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Atlanta Muslims Join the Women's March for Justice

Atlanta Muslims Join the Women's March for Justice


Author Alaa Elassar by

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Sawsan Selim

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I am often told that I may be a woman - a Muslim woman strong in both culture, faith, and unsilenced opinions about everything – but I am no more than just a woman in a man’s world. Because of this, it comes to no surprise that my rights to my headscarf are constantly threatened, my rights to my body are constantly jeopardized, and my rights to my voice are constantly terrorized.

Last century may have been a man’s world, and in the next four years, America’s president might try to make it one again. But as for this generation’s women, yesterday, today, and tomorrow has always been our world.

On Saturday, January 21st, women from every spectrum of race, religion, and color, women from hundreds of nations in the world, all made history. On this day, Atlanta Muslims joined on the streets with people of different backgrounds and faiths to fight for the same purpose. The march, which followed President elect Donald Trump’s inauguration, was organized to protest his policies and raise awareness to the issues women face now and will continue to face if he his future actions are as abominable as his words.

The march in Atlanta was inspired by the 500,000 people who demonstrated in protest by flooding the streets of Washington, DC. Linda Sarsour, a Muslim-American woman who organized the Women’s March in D.C., stood on the frontlines in her hijab, redefining to the entire world what an American woman looked like today. She, along with thousands of Muslim men and women who marched on the streets od D.C., Atlanta, New York City, L.A, Chicago, Paris, London, and even Melbourne took a stance against the policies of President Trump and the universal jaundiced treatment of women.

With more than 60,000 marching from the Center for Civil and Human Rights to the Georgia State Capitol, the men and women of Atlanta made history on Saturday. Led by Congressman John Lewis, who feuded with President-elect Donald Trump prior to his inauguration, the march pulled in the quietest and loudest voices of our city.

While we all may face threats to equal pay and even our rights to birth control and common education because of Trump’s new threat to defund Planned Parenthood and his lack of knowledge when it comes to equal pay, Muslim women encounter an extraordinary level of hostility.

Following the nomination of Donald Trump in 2015, hate crimes against Muslims in the U.S. shot up 67% - the highest levels since the September 11, 2001 attacks. Now that we are forced to recognize him as our president, these numbers are expected to be just a fraction of what we will see in the future with his ignorant and uncultured promises to ban Muslims from the U.S. and to double down on mosque surveillance.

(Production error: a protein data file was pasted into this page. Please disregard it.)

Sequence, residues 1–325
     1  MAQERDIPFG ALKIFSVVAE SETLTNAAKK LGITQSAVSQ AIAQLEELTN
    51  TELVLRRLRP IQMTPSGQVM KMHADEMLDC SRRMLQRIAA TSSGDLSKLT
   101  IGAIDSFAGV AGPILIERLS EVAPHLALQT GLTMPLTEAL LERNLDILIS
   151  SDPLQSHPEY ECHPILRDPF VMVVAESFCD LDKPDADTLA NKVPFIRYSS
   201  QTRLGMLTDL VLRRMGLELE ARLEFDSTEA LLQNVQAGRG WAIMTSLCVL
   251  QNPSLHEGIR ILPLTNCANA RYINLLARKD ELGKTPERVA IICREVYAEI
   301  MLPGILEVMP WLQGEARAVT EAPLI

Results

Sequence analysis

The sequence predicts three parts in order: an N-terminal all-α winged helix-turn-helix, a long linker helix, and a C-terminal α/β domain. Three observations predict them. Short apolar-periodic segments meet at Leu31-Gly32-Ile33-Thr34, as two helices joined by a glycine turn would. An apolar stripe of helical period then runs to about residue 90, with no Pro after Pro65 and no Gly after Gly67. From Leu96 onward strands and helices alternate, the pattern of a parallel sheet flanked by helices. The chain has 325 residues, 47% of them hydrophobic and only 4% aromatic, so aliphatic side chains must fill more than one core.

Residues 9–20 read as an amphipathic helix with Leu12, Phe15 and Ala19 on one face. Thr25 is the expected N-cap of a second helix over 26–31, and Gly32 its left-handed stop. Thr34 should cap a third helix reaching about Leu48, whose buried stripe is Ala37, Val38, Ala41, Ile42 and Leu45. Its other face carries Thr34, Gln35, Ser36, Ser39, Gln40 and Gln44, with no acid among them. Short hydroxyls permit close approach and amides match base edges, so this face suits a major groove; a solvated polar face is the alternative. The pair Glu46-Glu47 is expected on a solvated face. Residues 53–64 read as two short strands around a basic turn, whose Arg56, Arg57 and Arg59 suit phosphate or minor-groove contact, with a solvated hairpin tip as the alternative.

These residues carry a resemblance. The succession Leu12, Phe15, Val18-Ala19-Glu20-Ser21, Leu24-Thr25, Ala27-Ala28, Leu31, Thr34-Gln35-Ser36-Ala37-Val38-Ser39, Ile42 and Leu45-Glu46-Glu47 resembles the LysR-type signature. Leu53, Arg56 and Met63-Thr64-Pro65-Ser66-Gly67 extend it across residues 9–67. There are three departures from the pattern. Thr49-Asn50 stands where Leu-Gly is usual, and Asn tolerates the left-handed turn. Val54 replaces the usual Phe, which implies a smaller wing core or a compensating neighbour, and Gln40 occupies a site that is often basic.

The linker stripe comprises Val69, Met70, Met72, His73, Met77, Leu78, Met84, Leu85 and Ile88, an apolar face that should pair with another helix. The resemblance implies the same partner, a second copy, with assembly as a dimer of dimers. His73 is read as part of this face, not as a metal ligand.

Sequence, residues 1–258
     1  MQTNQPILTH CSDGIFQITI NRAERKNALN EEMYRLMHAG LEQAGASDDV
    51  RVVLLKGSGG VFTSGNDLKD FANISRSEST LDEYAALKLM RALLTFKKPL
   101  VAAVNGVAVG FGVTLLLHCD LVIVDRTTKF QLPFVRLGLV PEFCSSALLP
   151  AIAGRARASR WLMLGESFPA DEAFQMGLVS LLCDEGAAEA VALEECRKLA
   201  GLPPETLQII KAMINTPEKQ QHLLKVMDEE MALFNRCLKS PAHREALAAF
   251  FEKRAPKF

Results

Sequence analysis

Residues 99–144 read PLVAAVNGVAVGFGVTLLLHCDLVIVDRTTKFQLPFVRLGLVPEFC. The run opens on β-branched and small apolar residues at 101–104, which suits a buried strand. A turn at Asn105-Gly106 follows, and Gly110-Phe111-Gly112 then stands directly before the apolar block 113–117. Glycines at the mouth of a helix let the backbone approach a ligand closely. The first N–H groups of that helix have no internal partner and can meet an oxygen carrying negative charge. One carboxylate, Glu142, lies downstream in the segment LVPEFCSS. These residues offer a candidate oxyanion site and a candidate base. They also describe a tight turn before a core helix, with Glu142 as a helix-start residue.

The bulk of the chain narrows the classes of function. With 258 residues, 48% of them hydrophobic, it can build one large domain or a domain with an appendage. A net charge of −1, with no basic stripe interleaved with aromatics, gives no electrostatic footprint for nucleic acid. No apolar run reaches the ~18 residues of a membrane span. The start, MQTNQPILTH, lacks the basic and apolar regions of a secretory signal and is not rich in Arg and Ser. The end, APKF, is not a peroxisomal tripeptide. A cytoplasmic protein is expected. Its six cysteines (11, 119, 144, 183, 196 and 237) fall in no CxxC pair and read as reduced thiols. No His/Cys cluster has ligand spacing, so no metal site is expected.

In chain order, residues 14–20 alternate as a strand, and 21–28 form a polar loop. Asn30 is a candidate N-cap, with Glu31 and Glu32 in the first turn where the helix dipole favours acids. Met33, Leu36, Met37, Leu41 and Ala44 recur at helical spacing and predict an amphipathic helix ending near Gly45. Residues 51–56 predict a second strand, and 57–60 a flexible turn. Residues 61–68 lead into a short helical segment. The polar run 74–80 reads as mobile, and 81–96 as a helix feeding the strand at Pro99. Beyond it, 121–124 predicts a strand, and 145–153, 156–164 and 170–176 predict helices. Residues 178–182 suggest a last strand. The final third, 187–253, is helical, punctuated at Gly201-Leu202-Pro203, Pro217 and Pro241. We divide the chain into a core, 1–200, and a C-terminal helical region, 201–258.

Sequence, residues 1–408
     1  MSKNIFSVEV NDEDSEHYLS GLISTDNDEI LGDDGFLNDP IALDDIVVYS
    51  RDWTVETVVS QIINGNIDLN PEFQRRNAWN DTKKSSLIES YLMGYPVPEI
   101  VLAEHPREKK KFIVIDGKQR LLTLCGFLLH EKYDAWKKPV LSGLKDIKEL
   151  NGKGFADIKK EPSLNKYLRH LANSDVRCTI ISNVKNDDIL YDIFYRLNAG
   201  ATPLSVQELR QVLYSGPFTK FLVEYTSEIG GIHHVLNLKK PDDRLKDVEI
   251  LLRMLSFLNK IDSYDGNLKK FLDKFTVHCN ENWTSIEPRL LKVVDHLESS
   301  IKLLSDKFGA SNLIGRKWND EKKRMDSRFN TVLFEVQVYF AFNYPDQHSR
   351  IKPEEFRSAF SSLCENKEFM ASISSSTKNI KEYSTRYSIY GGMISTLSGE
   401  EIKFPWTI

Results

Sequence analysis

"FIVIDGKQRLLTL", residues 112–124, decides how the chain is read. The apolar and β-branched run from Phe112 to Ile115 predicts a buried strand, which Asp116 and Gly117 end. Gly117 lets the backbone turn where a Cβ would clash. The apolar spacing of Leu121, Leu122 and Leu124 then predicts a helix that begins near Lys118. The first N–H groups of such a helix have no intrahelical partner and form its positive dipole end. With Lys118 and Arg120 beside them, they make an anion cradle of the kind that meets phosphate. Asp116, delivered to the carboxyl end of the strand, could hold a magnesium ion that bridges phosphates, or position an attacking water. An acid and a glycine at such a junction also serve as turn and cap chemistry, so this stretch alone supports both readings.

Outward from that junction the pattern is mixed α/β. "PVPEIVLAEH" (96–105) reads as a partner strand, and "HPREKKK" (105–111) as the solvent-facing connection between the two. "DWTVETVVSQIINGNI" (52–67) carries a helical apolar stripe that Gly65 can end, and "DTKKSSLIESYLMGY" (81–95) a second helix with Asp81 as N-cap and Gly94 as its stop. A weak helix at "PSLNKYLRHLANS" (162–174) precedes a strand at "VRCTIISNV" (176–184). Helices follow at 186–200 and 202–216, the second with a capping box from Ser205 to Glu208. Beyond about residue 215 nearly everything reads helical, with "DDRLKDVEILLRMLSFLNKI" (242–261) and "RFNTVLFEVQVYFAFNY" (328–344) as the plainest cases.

Because of Muslim women who openly express their beliefs through the hijab, or traditional headscarf, they are much easier to target. Only 24 hours after his presidential victory, women in universities all over the U.S. faced robberies, physical abuse, and threats by Trump supporters. People tore of hijabs and some women stopped wearing it altogether.

However, the Women’s March in Atlanta touched the hearts of millions worldwide. It did not only reassure Muslim women that we are united with every woman of every faith of every nation, but we are not spineless. We are the foundation of this society and our universes’ accomplishments were built on our backs. By speaking out for what we believe in and by battling whoever stands in our way, a world once defined as a man’s world will be recognized as a world without a purpose.

And as Lewis said in his speech on Saturday, “We are fighting for our sisters, for our mothers, for our daughters…We have a moral obligation to fight, so never, ever lose hope.”

Alaa Elassar is the managing editor of AtlantaMuslim.com and works for CNN International as a writing and production intern. A junior at Georgia State University and a political science and journalism double major, Alaa's writing and passions surround justice and politics.


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